Muted roles often don’t work because server owners don’t understand the permission hierarchy. Make sure the user has no Allows on the role or user-specific level in the Category/Channel settings which will overwrite the denies of the Muted role.

Redundant Denies

A lot of permission settings are redundant. For example, if a user can’t send messages in a channel, it is unnecessary to also deny the “Embed Links” or “Attach Files” permissions as the user won’t be able to send any messages anyway (See Important Denies for a Muted role).

Also, if a user can not read a text/voice channel or messages in a channel, that means that the user can not see the channel at all. If a user can’t see a channel at all, it is unnecessary to deny any other permission.

Vanity and Color Roles

If you have vanity or color roles it is best practice to scroll to the bottom of their settings in the Server Settings Roles tab and press “Clear Role Permissions”. User don’t need any special permissions through these roles and if you clear them they won’t become a hassle if you ever decide to make changes to @everyone.

Personal Preferences

Should a muted user be able to create invites? what perms do moderators / Administrators really need? Is it better to have a hoisted Staff role instead of hoisting Moderators and Administrators?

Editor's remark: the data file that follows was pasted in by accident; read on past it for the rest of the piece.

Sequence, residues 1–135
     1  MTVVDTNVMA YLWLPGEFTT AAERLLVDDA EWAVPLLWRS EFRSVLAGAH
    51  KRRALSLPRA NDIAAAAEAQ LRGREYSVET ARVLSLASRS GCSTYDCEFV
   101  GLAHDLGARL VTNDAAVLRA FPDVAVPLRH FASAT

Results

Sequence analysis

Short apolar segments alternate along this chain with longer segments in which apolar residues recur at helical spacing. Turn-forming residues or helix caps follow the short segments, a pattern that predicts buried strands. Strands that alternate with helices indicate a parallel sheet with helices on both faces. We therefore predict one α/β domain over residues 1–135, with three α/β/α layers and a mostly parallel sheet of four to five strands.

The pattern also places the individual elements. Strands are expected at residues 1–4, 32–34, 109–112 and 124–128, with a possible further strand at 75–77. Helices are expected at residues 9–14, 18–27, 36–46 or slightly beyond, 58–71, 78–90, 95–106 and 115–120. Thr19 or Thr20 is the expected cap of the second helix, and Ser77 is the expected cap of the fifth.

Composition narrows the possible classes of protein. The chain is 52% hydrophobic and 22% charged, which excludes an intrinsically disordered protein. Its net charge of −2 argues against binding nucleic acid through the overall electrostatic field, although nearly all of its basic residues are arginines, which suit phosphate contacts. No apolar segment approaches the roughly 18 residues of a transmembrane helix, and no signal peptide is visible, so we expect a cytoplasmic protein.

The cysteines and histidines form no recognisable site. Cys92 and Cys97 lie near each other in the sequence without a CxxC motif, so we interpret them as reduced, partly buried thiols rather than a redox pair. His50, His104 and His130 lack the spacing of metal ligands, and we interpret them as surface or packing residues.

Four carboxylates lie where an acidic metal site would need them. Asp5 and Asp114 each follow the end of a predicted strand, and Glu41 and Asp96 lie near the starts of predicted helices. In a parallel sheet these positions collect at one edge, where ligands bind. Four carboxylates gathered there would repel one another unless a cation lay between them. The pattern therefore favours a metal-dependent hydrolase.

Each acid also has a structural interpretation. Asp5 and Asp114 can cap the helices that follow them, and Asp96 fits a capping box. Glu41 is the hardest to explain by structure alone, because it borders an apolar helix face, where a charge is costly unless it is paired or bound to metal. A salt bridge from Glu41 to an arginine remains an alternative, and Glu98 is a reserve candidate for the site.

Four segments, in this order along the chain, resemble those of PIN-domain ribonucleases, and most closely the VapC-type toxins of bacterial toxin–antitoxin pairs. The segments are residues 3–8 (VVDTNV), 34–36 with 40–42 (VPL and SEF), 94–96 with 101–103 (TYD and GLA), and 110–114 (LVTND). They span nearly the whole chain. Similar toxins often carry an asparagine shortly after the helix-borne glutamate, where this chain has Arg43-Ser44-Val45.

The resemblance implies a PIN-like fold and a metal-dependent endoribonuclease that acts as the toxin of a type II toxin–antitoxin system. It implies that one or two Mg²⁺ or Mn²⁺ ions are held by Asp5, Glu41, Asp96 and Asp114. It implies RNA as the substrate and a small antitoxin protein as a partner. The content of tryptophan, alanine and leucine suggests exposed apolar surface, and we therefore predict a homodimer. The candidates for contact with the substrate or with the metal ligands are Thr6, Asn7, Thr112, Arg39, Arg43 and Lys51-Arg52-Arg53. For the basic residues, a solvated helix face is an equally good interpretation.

These are questions that don’t really have a right or wrong answer. A lot of settings on Discord depend on the specific Server and situation you’re dealing with and over time you’ll develop your own style of running Discord Servers.

Common Roles and example of Permission best practices in use

Most servers will have the following Roles

  • Administrators
  • Bots (optional)
  • Moderators
  • Muted

I have created a Server Template that incorporates all of these roles as well as examples for permission best practices.

You can use the template for your server by clicking here!

That’s it for this complete guide on Discord Permissions. I hope I could answer all of your questions and give you an in-depth understanding of how the system works.

If you have any other questions, please let me know in the comments down below. Also, make sure to check out my other Discord guides on this website. I recommend my guide on how to add Role categories to your Discord Server!